Within this formulation that is heavily focused on free-market logic, some study abroad ventures have found fertile ground. Increasingly, universities “advertise international mobility programs as opportunities for students to develop marketable skills and to access real world job training for the globalized economy of the 21st Century” (Grantham 2018, p. 61). Study abroad programs can be used to generate “good news” stories about the institution while enhancing domestic enrolments (Jorgenson and Shultz 2012, p. 6). University advertising of this nature will typically promise “a whole world of opportunities” and “life changing experiences” that will enable students to “help where needed” while “boosting their brand” (Schulz 2019). And while university strategic plans will often frame study abroad ventures as vehicles by which they produce graduates “equipped to make a difference in the world as respectful and ethical global citizens” (Flinders University 2019, p. 12), what are called the public and private transcripts (in other words, the front and backstage “rhetoric”) of neoliberal universities tend to be worlds apart.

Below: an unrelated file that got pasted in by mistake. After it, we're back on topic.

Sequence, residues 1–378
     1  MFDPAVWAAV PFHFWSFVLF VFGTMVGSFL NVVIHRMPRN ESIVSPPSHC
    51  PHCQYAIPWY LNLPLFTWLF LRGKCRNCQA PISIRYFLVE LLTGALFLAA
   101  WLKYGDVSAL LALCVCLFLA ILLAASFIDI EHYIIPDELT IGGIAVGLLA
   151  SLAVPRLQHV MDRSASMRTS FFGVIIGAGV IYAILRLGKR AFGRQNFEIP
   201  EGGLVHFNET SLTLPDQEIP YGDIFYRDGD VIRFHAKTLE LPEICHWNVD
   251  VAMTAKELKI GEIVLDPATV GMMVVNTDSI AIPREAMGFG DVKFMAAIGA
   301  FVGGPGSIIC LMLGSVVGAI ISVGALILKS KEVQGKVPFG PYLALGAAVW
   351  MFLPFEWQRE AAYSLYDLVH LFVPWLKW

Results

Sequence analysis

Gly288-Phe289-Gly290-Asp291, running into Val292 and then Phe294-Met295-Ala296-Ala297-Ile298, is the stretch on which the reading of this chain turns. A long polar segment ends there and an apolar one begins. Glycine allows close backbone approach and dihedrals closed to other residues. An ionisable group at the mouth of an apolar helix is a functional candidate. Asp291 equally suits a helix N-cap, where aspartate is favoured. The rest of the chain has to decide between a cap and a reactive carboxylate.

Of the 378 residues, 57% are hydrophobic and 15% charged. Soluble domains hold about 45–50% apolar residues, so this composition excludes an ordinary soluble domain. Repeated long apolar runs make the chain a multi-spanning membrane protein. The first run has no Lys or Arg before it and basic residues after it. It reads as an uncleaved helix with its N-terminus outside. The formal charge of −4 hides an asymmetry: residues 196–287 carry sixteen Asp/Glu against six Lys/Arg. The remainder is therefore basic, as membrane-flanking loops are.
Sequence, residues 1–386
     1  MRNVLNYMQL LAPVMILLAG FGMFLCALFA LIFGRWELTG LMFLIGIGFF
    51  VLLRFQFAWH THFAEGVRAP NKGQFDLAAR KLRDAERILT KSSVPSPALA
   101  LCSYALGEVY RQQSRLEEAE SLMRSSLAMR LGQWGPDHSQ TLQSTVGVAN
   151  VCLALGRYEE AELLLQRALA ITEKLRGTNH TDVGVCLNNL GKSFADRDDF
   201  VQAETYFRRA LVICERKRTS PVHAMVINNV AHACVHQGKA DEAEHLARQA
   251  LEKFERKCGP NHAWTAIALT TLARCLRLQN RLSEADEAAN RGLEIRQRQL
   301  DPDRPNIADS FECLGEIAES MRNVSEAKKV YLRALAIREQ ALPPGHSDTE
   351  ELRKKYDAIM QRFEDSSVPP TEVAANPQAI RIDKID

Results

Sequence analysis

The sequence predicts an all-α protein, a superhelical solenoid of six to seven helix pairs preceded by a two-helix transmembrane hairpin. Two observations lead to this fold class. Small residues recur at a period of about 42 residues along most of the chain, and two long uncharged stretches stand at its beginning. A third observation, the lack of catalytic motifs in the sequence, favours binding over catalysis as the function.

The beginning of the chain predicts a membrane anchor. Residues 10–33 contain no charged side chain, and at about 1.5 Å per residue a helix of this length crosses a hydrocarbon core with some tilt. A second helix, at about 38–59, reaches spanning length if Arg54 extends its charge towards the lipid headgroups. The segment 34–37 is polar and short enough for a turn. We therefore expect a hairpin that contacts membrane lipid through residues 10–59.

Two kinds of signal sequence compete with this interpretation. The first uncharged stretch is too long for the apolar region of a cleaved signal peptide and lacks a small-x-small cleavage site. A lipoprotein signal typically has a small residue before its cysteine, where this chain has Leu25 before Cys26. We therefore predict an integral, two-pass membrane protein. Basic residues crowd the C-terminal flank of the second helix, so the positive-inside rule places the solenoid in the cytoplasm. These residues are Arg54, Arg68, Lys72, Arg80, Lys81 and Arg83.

As Greenhouse (2005) explains, domination dramatizes itself with public transcripts as the open performance of power; however, “the hidden transcript is the other side of that power, reworked as its negation” (as cited in Smyth 2017, p. 47). What strategic plans of entrepreneurial universities “dramatize” with respect to global citizenship is an orientation that appears akin to “thick” global citizenship (Andreotti 2006). In other words, an orientation grounded in critical, contextual awareness and self-reflexivity. Ethical orientations to global citizenship of the kind prefigured in these public transcripts stress the need for collective, informed political action rather than individual responses to complex structural issues, in which the West is deeply implicated. Ethical orientations thus demand that we move beyond a logic of individualism to permit structural, interconnected understandings of social life (Jorgenson and Shultz 2012, p. 3).